Anatomy of a Cord

Yesterday was my twenty week anatomy scan, and so far everyone has asked if we stuck to our guns about not learning the sex – yep, and it was easy. As I mentioned, because Eliza’s in utero attempts to keep her face covered left her other parts rather more evident, I assumed I’d have to avert my eyes. Spatula II was more (less?) cooperative though, wiggling around and showing off everything but the goods, so the surprise remains a surprise.

In the US, it seems like the twenty week scan has become so strongly associated with finding out the sex that it’s easy to forget that isn’t really the point. The point is to check on fetal growth and development – make sure all the organs look like they are supposed to, and so forth. Well. Spatula’s organs all looked great, but there was one thing slightly amiss – the umbilical cord only has one artery, instead of the customary two (in addition to one vein, which was thankfully/obviously present) – an abnormality called Single Umbilical Artery (SUA). Because my appointment went on for THREE HOURS before I actually got to talk to the doctor, I had time to do some preliminary googling, and was pretty relaxed about what I learned. Because they hadn’t noticed any other anatomical abnormalities, it is unlikely to mean much of anything. This was reiterated by the doctor, though he is sending me to get an additional ultrasound at the perinatologist, to double check that all of Spatula’s organs are fine.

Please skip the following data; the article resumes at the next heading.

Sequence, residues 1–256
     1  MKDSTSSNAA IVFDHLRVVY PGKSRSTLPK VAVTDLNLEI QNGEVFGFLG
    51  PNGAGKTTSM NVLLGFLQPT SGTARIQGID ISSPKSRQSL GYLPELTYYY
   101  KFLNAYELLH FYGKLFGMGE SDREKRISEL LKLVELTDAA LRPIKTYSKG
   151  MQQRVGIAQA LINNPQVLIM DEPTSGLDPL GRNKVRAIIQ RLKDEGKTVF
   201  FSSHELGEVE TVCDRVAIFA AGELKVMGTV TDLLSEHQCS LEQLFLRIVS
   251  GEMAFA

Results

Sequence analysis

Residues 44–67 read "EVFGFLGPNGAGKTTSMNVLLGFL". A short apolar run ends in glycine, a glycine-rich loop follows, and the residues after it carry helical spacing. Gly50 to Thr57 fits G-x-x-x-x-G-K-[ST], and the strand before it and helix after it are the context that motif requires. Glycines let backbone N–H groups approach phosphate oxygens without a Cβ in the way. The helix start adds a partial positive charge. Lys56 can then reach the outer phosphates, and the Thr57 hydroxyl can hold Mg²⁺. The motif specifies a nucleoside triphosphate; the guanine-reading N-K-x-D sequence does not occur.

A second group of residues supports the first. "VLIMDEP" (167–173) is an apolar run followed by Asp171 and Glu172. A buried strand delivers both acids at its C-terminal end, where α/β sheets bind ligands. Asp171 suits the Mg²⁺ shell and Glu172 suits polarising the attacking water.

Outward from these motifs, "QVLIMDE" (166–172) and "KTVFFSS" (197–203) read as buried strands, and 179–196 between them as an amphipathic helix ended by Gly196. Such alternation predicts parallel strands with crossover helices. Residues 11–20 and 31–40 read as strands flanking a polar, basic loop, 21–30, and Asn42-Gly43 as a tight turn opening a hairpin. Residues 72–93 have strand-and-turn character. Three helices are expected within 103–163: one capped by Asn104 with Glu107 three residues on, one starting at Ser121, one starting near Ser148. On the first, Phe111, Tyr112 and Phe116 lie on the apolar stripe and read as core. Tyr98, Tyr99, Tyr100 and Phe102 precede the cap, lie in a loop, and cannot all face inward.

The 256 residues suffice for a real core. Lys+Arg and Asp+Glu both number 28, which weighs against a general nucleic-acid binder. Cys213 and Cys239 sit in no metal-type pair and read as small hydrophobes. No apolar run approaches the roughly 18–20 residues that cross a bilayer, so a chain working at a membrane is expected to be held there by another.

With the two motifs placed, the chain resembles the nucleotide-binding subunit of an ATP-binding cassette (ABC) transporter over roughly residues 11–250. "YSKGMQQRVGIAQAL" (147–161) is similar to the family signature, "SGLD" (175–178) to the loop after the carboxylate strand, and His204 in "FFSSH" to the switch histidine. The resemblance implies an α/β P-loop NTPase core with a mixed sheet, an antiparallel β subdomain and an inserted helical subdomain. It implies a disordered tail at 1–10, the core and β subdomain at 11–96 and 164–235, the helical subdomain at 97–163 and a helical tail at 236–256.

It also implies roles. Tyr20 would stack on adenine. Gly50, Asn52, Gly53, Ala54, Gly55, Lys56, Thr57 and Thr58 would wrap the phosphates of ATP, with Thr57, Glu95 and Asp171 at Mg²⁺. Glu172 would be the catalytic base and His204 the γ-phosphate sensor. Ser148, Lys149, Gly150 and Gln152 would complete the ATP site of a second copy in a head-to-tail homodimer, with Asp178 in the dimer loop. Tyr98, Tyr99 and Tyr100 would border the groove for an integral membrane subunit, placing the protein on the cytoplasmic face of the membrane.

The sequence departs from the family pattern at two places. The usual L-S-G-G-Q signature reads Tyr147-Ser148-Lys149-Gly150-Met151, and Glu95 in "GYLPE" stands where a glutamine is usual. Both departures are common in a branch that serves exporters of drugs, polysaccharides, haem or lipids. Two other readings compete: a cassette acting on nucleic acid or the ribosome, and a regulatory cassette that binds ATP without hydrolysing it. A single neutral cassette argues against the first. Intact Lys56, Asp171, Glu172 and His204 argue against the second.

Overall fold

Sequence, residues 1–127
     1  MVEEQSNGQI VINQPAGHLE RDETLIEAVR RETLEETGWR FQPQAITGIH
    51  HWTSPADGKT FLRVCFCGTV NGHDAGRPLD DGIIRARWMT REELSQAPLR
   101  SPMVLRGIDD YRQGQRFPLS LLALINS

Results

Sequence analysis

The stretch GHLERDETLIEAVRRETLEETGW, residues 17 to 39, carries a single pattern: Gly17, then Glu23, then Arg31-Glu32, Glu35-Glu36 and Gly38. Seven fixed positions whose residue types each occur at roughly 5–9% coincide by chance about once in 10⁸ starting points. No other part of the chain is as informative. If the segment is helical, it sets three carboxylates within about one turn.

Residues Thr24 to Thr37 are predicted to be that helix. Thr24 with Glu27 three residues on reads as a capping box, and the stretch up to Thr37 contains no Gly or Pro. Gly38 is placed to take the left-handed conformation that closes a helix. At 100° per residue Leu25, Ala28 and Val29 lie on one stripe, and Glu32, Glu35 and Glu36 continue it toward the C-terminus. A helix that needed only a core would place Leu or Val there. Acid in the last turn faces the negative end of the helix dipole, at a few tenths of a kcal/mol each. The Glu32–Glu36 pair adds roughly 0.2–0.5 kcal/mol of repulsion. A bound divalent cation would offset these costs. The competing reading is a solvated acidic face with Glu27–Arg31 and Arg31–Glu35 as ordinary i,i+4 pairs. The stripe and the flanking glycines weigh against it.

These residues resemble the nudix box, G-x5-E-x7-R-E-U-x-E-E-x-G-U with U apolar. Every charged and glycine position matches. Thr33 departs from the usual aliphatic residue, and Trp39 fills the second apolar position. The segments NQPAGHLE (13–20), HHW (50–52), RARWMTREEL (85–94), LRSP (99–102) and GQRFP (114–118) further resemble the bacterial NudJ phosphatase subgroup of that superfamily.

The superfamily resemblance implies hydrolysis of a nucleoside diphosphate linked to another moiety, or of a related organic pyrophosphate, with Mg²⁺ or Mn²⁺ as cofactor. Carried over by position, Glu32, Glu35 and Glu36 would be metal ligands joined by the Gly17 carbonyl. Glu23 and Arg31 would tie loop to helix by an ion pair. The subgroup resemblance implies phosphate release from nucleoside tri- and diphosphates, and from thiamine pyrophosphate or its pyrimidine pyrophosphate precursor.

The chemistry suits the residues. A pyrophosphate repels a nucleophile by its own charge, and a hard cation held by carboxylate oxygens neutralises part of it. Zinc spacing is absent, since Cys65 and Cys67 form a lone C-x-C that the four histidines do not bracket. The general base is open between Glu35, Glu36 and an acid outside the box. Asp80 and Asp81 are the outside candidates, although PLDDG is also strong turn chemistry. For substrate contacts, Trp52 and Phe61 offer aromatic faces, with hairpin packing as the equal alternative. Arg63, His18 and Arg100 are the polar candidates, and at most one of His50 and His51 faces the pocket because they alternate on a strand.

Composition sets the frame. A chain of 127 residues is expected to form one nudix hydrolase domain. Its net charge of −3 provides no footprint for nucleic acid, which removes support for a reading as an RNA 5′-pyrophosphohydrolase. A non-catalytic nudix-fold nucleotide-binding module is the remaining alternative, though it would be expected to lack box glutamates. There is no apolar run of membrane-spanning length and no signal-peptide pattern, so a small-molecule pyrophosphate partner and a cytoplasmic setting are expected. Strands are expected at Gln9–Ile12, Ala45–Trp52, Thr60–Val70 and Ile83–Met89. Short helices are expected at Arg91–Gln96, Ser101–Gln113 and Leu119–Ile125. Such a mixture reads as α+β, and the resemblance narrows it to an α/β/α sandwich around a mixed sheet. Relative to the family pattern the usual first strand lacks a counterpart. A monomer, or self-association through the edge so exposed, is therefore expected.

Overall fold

So that’s all well and good, but I’m a research scientist, and one who spends a fair amount of time focused on fetal development (though usually more in terms of what chemicals do (or don’t do) to that process). I couldn’t just leave it at the preliminary googling, or take the doctor’s “don’t worry about it” to heart. Nope, had to delve into the primary literature. And wouldn’t you know, I’ve freaked myself right out. (Though I will say, I remain less freaked out that I was – over nothing! – during my pregnancy with Eliza.)

SUA is the most common cord defect, affecting somewhere around 1% of pregnancies. Because it occurs so frequently, and is often the only thing “wrong” (called Isolated SUA), some actually refer to it as a normal variant rather than a defect. That said, there are a number of studies from the past decade or so, a few of which are larger scale epidemiology studies, that have found it to be significantly associated with a number of issues, relating both to the pregnancy itself (earlier delivery, polyhydramnios, placental issues, higher c-section rates) as well as fetal outcomes (fetal growth restriction, lower birth weight, low Apgar scores, and the scary stuff – increased rates of fetal and perinatal death).